This third group - the democrats - is large indeed. Heroic election workers helping Iraqi to their first poll in thirty years are 'working for the occupation' (I think those election workers are the glory of democracy and should have trees planted in their name after the election, stretching along a boulevard leading to the Transitional Assembly building). Members of the Iraqi Communist Party who fight for social justice and Iraqi sovereignty by political means not suicide
bombings are 'working for the occupation'. Men and women who work in schools that are to be used as polling stations are 'working for the occupation'.

Polls reported on Al Jezeera show an average of 81% of Iraqis support the elections and 19% oppose the elections. No matter, the 81% are 'working for the occupation'.

Don't forget the humanitarian aid workers who are 'working for the occupation'. Nor the engineers and the brickies rebuilding the electricity substation, the rail workers taking consumer goods to Mosul, the guard protecting the oil pipeline, and the labourer rebuilding the water-treatment plant and the hospital. Each and every one of them, 'working for the occupation'. And anyone seeking to join
the Iraqi police force and protect the Iraqi people from the small minority who murder define themselves them by that very act as enemies of the Iraqi 'People'. As for the burned-out Christian churches, do these targeted Christians not count for the 'resistance' as 'its own' civilians?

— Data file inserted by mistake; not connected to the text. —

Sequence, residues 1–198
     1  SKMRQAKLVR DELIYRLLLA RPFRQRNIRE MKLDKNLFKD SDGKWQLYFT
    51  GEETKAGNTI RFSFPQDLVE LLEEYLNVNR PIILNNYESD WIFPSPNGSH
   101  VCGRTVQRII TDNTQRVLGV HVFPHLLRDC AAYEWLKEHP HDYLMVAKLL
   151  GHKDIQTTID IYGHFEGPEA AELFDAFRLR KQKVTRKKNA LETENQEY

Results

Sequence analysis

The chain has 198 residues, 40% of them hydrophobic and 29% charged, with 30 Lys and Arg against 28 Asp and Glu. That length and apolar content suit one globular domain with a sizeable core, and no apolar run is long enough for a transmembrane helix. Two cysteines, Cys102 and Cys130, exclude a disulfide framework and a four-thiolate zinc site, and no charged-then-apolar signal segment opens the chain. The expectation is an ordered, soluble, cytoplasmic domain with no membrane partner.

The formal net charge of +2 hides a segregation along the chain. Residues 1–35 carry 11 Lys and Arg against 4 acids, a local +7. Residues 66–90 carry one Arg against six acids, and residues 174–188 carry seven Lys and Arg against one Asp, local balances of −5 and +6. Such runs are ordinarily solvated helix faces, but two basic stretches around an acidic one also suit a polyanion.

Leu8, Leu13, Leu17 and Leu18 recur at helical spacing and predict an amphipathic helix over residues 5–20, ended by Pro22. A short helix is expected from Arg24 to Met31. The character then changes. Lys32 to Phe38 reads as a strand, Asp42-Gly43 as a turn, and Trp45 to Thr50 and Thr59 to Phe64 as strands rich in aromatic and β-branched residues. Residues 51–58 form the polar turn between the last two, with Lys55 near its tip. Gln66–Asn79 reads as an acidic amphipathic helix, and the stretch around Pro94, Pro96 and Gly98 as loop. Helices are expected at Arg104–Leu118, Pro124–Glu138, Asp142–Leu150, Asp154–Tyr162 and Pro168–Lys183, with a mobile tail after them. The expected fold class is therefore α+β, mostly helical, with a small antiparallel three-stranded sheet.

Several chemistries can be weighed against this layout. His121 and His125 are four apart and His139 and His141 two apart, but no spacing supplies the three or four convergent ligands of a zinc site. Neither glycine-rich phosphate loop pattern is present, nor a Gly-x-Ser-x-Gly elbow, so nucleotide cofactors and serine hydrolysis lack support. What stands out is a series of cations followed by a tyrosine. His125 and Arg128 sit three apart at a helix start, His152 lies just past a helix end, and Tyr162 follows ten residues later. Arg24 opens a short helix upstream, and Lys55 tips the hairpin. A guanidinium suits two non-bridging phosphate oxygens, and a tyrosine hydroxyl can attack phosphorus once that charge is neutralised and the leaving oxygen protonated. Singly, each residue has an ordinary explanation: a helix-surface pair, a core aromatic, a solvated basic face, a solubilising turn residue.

When Hadi Saleh, a giant of a man, was building the underground Iraqi trade union movement George Galloway was dining with Tariq Aziz, [Iraq's then deputy prime minister] who "puts HP sauce on every dinner. There's HP sauce every time you sit down with him", said Galloway).

And he hailed Saddam inside his palaces ('Sir, we salute your courage,
your strength, your indefatigability') while talking like a schoolboy about the tyrant's Quality Street chocolates ("He didn't have a chocolate either, which is interesting").

Galloway called an Iraqi free trade unionist a 'Quisling' in the Morning Star and it was reported in the Arab press. While those trade unionists were fighting Saddam's agents in exile, and living with their own terrible memories of being tortured in Saddam's jails, Galloway gave an interview to The Times with this little revealing gem ('I tell him how much I like his suit. He looks pleased, and thanks me. I ask him what make it is. He shows me the label to the jacket -
Kenzo. Is that a designer label? "It's famous, but not top of the label." I later discover that you can't get much more "top of the label" than Kenzo').

There is a campaign of assassination and intimidation against the Iraqi people, including the nascent labour movement, by a small minority - in essence, right-wing death squads - who fear democracy and seek to impose secular or religious dictatorship on the Iraqi people in the name of The Iraqi People.

We need a decent left that fight for the democrats in Iraq, for labour, for women's rights, for social justice in the economy of post-war Iraq, and for the speedy withdrawal of coalition troops as part of a political settlement that gives Iraq a future. Most trade unionists and peace activists want that. They do not support the thugs who killed Hadi Saleh.

It is time for the decent left to saddle up and reclaim the leadership of their own movement.

As for George Galloway himself, would it not be easier if, having lost his confidence, he dissolved the Iraqi people and elected another?